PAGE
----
The EMK Prize was created by Smith to honor the life and legacy of her late brother, Senator Ted Kennedy, and will be given annually through the Columbia University Libraries to a new play or musical of merit that, in the words of the Prize's mission statement, "…enlists theatre's power to explore the past of the United States, to participate meaningfully in the great issues of our day through the public conversation, grounded in historical understanding, that is essential to the functioning of a democracy."
The judges voted unanimously to divide the 2013 award between two works. In addition to the award of $50,000, the Center for New Media Teaching and Learning at Columbia University Libraries will work with both recipients to create websites featuring study and teaching guides, historical research, and scholarly discussions and interpretations of the plays. The websites will be available to any theatre artist, teacher or class studying the works with the intent of expanding understanding of the playwright's work and career.
"We are very pleased and excited about this award in Ted's name," said ambassador Smith in a statement. "My brother loved the arts — museums, books, the performing arts. Music was perhaps dearest to him, but he and I shared an enjoyment of theatre — especially, for Teddy, musical theatre. He was also a great student of American history and made it come alive for many of us in the Kennedy family. He was much beloved by all the family and he would be very pleased by this tribute."
All the Way, by Pulitzer Prize winner Schenkkan, "depicts a period of great turmoil and consequence in American history, from the assassination of President John F. Kennedy in November 1963 through election night in 1964. Its story is told by many of those who shaped that year's critical moments, including Martin Luther King, Hubert H. Humphrey, J. Edgar Hoover, and most of all, President Lyndon B. Johnson, who deftly guides landmark civil rights legislation through a divided Congress." All the Way premiered at the Oregon Shakespeare Festival in 2012.
O'Brien's The Body of an American "speaks to a more recent moment in history, when a single, stark photograph — that of the body of an American soldier dragged from the wreckage of a Blackhawk helicopter through the streets of Mogadishu, Somalia, in 1993 — by photographer Paul Watson reshaped the course of global events. In powerful, theatrical language, O'Brien explores the ethical and personal consequences of Watson's photograph, as well as the interplay between political upheaval and the experience of trauma in an age saturated by images and information." The Body of an American premiered at Portland Center Stage in 2012.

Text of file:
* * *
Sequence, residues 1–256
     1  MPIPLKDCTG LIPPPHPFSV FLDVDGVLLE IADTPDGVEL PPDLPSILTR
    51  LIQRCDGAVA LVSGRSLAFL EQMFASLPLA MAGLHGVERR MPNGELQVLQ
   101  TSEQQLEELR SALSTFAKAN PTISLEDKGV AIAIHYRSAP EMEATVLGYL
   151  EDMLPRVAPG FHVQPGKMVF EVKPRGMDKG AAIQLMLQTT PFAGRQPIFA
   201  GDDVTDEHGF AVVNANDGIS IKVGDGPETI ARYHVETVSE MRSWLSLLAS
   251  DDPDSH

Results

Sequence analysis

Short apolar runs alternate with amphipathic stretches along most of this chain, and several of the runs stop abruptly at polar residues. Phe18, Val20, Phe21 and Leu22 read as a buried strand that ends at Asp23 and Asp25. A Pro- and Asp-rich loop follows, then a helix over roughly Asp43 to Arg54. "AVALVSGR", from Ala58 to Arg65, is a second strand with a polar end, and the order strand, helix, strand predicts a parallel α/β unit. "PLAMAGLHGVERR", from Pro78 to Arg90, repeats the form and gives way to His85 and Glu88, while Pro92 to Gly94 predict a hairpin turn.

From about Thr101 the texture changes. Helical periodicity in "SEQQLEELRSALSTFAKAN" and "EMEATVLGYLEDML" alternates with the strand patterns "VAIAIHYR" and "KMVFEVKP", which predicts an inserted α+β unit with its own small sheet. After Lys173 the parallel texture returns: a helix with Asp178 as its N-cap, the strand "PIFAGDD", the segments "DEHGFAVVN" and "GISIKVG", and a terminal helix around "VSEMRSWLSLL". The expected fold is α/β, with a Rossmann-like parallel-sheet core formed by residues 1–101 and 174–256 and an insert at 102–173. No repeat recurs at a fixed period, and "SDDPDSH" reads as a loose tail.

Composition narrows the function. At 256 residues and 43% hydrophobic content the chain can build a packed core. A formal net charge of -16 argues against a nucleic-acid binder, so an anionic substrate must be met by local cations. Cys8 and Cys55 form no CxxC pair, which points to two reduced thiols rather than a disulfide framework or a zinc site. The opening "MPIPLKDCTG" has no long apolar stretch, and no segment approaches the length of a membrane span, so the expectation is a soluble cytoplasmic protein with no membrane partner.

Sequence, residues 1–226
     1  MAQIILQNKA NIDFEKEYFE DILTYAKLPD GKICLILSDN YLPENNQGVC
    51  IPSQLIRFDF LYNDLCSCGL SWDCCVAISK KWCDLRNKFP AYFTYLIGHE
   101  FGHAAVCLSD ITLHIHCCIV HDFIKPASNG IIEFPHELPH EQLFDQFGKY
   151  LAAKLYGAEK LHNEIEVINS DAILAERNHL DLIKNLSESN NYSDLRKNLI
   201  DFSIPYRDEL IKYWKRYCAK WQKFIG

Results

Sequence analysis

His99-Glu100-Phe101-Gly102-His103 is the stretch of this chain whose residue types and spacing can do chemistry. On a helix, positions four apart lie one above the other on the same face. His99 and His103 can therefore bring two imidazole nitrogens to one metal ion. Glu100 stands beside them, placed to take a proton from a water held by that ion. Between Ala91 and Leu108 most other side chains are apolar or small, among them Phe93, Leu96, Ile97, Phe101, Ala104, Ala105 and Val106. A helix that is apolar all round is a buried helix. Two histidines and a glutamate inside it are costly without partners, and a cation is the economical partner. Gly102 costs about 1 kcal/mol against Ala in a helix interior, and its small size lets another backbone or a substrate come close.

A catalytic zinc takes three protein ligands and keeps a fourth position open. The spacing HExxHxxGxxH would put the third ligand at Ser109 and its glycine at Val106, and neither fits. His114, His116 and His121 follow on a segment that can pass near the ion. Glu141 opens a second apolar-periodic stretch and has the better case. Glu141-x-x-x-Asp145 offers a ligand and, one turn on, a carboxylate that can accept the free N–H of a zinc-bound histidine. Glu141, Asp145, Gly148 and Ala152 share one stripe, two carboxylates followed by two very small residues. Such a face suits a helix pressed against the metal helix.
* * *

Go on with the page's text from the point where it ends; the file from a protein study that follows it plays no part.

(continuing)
In planning the Prize, Smith enlisted a number of theatre professionals, including Pulitzer Prize-winning playwright Tony Kushner, who serves on the EMK Prize Board.
Plays and musicals that have received their first professional productions in 2012 were eligible for the Prize. The recipient was determined by a panel of judges from a list of five works selected by a national network of nominators. The judges' panel consisted of three playwrights, two musical theatre writers (book writer, lyricist or composer), two scholars of literature, American history or political science and the president of Columbia University.
The other finalists, announced in December 2012, were Hurt Village by Katori Hall; Party People by UNIVERSES; and Rapture, Blister, Burn by Gina Gionfriddo. The judges for the inaugural EMK Prize were Carol Becker, dean of Columbia University School of the Arts (non-voting member); James McPherson, George Henry Davis 1886 Professor of American History, Emeritus at Princeton University; Itamar Moses, playwright and author; Lynn Nottage, playwright; Joshua Schmidt, composer and sound designer; James Shapiro, Larry Miller Professor of English and Comparative Literature at Columbia University; Diana Son, playwright; and Brian Yorkey, playwright, lyricist and theatre director. The eight-person panel of voting judges is selected each year from a pool of playwrights, musical theatre writers, lyricists, composers, scholars of literature, American history or political science, and will include each year Columbia University president Lee C. Bollinger.
James Neal, vice president of Information Services and University librarian at Columbia, serves as the administrator for the new Kennedy Prize.
The size of the bursary component makes the EMK Prize among the largest prizes given for dramatic writing.